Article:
Recent changes could spell growth for Wohler Technologies, which currently has a fairly small HOW customer base, noted Jeff McNall, of the manufacturer’s direct product line management, audio, and video, “Everyone is heading toward a digital infrastructure, and this means people can move things around. Once, it was about TV stations; churches all were analog. Now, everything is blended together.”
A new Broadcast Pix Slate 5000 is helping Abundant Life Family Worship Church produce high-quality video productions for public access and live streaming audiences.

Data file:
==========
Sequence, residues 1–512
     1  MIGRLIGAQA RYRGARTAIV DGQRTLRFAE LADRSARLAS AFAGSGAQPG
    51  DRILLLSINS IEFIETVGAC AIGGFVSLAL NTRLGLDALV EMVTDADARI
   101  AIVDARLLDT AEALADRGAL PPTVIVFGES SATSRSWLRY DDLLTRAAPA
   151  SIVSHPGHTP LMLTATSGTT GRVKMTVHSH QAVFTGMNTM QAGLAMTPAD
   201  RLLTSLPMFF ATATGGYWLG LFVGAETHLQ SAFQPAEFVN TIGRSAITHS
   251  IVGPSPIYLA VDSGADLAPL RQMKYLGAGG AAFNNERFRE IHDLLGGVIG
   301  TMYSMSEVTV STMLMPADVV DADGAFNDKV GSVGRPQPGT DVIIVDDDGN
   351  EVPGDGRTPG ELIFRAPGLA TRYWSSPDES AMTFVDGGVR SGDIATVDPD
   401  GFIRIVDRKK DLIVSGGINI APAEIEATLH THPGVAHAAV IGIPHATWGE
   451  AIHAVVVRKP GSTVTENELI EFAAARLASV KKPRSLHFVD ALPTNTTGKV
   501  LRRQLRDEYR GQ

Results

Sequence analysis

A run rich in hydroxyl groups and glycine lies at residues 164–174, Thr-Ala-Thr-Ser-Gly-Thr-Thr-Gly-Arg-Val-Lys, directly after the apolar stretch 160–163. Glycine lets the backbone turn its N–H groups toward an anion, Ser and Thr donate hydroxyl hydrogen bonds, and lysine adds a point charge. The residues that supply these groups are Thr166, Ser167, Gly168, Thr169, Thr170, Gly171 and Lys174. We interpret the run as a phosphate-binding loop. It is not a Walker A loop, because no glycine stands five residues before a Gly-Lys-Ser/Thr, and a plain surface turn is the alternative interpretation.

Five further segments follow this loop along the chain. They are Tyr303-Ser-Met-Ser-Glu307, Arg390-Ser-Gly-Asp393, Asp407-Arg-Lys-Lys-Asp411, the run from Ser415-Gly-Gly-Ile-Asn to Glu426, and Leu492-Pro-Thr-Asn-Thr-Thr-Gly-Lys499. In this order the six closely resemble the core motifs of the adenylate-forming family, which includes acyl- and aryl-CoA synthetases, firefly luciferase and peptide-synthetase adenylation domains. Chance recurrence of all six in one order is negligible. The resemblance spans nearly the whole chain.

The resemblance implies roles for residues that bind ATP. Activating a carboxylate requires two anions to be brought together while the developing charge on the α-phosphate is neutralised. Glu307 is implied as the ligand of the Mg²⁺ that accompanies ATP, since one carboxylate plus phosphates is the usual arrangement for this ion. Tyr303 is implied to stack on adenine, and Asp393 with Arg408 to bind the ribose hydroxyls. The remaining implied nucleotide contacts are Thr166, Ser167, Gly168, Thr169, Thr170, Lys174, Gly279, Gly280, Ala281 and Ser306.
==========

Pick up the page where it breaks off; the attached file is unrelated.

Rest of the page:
McNall said products Wohler develops for the greater broadcast market can also be applied to the HOW market. “Our Presto Video Switcher and MADI-8 are perfect examples of this,” he elaborated. “During large audience presentations in an HOW environment, the Presto provides preview selection for a given audio/video feed before taking it to the big screen. Our MADI-8 product allows audio operators to harness the 64-channel MADI stream capability provided in large audio mixing consoles.”
Traditionally, McNall said, HOW s face large cable runs to provide audio sends to various areas of a facility. “By being able to assign any of the 64 channels to any of the eight monitoring channels in the unit, they have a tailored mix of the desired audio channels. With 64 channels on a single wire in a daisy-chain configuration, they can reduce the bulky cable mess that lines the walls of their halls.”